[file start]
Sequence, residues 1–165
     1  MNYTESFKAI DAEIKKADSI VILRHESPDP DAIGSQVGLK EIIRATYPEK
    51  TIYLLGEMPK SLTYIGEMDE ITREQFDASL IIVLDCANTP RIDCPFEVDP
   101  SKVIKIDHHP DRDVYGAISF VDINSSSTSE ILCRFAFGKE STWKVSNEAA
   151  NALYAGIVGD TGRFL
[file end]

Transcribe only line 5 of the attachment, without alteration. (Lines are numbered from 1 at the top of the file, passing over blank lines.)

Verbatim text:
   151  NALYAGIVGD TGRFL